Forget Instagram. In the 2020s the new food influencers are all using Tic Toc. And on 15 September 2022, one of the craziest (my view) Tic Toc ideas suddenly went viral: the butter board. It started with a post by New York cook Justine Doiron, who happens to be a member of the “U.S. Dairy Dream Team” of influencers (although she claimed that the post was not an advertisement as U.S. Dairy originally rejected the idea). She didn’t invent the idea and cites cookbook author Joshua McFadden as her inspiration.
The butter board was promoted as an alternative to the classic charcuterie board and was, perhaps, a natural development of the trend of serving everything on a board (a trend that appals many and has even led to a Reddit group called We Want Plates). Doiron’s version consisted of butter smeared over a board and topped with flaky sea salt, lemon zest, herbs, red onion, honey and edible flowers. There have since been innumerable variations on the theme with a range of sweet and savouries toppings.
The original idea was that one dipped one’s bread or crackers into the buttery ooze, but the health hazards of double dipping have led some writers to recommend supplying each dinner with a small palette knife. Other hygiene concerns have been raised, including the chance of nasty bacteria lurking in the cracks of the wooden board. And, of course, heart health advocates are horrified about all that cholesterol-laden yellow fat. My own objections are aesthetic. All that room-temperature butter rapidly turning oily under lights – no thanks.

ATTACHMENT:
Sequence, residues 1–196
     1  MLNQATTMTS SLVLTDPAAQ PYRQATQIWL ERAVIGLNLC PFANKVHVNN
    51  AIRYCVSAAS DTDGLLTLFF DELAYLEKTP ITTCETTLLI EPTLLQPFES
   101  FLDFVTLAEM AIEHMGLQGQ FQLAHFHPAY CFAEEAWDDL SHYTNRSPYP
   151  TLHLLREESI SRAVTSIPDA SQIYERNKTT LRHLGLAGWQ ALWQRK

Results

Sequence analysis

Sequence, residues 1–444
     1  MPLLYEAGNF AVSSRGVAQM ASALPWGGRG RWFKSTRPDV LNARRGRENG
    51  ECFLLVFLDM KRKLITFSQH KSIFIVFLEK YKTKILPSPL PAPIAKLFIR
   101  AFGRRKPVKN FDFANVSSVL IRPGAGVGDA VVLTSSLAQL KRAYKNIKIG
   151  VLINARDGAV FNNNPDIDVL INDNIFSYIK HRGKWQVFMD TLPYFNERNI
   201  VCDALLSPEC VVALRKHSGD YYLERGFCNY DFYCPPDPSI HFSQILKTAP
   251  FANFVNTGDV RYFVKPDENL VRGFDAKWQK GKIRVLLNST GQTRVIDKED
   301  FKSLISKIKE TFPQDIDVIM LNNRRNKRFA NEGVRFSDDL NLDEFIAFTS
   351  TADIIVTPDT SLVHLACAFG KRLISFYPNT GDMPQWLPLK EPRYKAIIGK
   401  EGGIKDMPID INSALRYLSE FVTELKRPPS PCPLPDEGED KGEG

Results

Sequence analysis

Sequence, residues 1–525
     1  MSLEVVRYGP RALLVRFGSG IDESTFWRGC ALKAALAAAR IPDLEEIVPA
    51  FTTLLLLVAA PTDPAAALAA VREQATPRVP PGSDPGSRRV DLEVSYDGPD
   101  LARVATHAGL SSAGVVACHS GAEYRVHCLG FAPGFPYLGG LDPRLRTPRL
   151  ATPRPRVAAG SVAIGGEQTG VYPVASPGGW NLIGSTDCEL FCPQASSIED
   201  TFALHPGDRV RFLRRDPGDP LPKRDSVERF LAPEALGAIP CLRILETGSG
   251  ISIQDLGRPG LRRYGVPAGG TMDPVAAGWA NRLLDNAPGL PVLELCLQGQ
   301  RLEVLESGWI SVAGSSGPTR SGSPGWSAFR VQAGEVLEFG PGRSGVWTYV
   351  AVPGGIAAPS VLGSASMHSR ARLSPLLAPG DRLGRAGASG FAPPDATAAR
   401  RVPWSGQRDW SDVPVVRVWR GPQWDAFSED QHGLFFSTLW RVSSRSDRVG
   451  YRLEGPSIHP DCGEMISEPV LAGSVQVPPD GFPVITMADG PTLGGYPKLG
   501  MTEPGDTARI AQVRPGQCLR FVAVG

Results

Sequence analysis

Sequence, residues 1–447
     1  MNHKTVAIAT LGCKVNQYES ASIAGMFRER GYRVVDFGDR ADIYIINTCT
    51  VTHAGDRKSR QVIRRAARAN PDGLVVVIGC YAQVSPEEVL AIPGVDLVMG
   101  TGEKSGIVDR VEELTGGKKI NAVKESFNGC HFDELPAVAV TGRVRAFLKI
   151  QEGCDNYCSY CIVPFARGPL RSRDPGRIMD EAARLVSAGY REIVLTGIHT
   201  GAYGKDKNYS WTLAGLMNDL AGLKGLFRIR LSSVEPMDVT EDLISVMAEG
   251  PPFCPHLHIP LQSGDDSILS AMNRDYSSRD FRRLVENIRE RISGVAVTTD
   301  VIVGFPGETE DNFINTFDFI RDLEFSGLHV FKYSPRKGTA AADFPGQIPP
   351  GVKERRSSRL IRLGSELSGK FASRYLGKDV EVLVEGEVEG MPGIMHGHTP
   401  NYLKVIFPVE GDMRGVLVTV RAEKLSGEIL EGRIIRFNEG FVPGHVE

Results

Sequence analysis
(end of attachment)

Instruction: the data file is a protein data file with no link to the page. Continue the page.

The butter board trend has had serious media attention, including from The Guardian and The Washington Post. Some articles assert that you can’t just squish soft butter on a board. You need to whip it first, so it becomes light and creamy. This, according to the pundits, brings out the subtleties of the taste. It’s also recommended that you use gourmet butter. In Australia, that probably means Pepe Saya, although if you’re going to make the distinctively Aussie Fairy Bread Butter Board, perhaps your standard supermarket version would suffice.
Butter boards are just one of the many crazes that have swept through the Tic Toc world. These include (but are by no means limited to) cloud bread (a kind of squishy meringue ), baked oats, “marry-me” chicken (basically chicken in cream) and whipped coffee, also known as Dalgona coffee. Not all are truly appealing, with at least one article giving watermelon and cucumber a firm thumbs down.